Bishops Need to Go to Bat for Their Own Workers

By McBrien, Richard P. | National Catholic Reporter, September 3, 2010 | Go to article overview

Bishops Need to Go to Bat for Their Own Workers


McBrien, Richard P., National Catholic Reporter


I keep hoping that one of these years the U.S. Catholic bishops will issue a Labor Day statement that focuses on the church's own responsibility to practice what it preaches and teaches about social justice and human rights.

Such a statement would ground its message in the theology of sacramentality, that is, in the church's call to be a credible sign and instrument of God's presence and saving activity on behalf of the whole world.

The time has come when the bishops need to stop addressing other agencies and institutions in society on their obligations, and begin turning the klieg lights on the church itself.

As Pope Paul VI reminded us in his 1975 apostolic exhortation, Evangelii nuntiandi ("Of proclaiming the Gospel"), it is the essence of the church's mission to evangelize, but the church must begin "by being evangelized itself."

In the same document, the pope pointed out that people listen "more willingly to witnesses than to teachers, and if [they do] listen to teachers, it is because they are witnesses."

"It is therefore primarily by her conduct and by her life that the church will evangelize the world," Paul VI continued, "in other words, by her living witness of fidelity to the Lord Jesus--the witness of poverty and detachment, of freedom in the face of the powers of this world, in short, the witness of sanctity."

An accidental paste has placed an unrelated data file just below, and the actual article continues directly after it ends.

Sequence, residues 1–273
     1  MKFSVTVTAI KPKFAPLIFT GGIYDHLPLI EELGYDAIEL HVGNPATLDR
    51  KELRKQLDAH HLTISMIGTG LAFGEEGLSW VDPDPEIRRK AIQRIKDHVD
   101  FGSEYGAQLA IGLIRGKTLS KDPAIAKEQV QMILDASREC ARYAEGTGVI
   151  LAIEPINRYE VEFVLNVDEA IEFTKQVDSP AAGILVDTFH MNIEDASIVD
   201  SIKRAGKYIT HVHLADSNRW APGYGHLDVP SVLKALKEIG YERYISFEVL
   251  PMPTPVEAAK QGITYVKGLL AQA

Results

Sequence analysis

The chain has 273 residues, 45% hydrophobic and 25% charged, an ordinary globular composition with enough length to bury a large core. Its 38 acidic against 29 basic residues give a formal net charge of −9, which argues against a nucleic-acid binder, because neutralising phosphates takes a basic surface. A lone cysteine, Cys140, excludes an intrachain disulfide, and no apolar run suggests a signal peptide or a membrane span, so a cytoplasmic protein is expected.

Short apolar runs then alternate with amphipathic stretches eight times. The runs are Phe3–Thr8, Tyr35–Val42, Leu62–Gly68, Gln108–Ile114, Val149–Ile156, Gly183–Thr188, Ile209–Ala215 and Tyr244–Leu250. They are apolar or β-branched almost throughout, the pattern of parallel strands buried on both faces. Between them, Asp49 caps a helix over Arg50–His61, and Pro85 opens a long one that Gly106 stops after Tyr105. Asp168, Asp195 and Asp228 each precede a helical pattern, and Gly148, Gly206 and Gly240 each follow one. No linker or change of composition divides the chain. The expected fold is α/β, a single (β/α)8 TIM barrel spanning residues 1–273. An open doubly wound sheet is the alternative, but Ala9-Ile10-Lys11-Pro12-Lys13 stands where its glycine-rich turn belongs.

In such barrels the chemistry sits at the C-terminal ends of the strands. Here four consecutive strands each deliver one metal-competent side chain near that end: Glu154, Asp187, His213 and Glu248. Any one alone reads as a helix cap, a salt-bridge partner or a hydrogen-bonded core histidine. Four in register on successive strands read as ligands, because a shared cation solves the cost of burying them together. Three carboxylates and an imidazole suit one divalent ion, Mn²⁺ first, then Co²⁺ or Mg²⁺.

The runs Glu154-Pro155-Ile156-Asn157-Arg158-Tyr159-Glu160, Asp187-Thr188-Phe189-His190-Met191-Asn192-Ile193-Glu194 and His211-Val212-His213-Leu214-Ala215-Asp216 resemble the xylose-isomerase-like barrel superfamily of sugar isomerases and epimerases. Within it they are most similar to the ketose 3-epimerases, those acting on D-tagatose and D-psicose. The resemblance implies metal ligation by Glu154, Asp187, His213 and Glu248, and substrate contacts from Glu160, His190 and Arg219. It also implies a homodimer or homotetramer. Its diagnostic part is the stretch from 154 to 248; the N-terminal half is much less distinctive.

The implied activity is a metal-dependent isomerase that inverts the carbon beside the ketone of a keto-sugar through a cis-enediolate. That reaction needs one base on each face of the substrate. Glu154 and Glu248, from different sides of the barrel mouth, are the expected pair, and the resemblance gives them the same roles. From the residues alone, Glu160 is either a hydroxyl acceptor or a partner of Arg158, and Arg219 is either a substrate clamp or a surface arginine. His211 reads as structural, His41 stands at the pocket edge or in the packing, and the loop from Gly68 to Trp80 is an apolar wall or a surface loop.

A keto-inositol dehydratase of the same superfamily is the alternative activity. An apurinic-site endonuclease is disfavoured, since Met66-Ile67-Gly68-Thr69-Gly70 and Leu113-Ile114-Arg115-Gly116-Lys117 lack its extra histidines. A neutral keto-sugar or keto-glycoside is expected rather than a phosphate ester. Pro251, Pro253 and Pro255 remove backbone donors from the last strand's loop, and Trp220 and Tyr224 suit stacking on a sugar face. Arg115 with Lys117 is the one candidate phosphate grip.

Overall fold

Pope Paul VI understood and embraced the principle of sacramentality. It is high time, some 35 years later, that our bishops did as well.

One of the obstacles is that the U.S. hierarchy has changed so much under Pope John Paul II and now Pope Benedict XVI.

Some readers might recall the claim that was persuasively made, back in the 1940s and 1950s, that most American bishops came from households where the breadwinner was an ordinary workingman.

This meant that the bishops of those years were more likely to view social and political issues from the viewpoint of those on the lower end of the economic ladder. They were more readily disposed to support the rights of workers than the interests of their corporate employers.

Yesterday's bishops would have gone to bat, so to speak, for the right of workers--many of whom were Catholic--to form labor unions. Some assigned priests in their dioceses to run labor schools to instruct Catholic workers on the church's social teachings and to identify the rights they possess in the marketplace. …

The rest of this article is only available to active members of Questia

Sign up now for a free, 1-day trial and receive full access to:

  • Questia's entire collection
  • Automatic bibliography creation
  • More helpful research tools like notes, citations, and highlights
  • A full archive of books and articles related to this one
  • Ad-free environment

Already a member? Log in now.

Notes for this article

Add a new note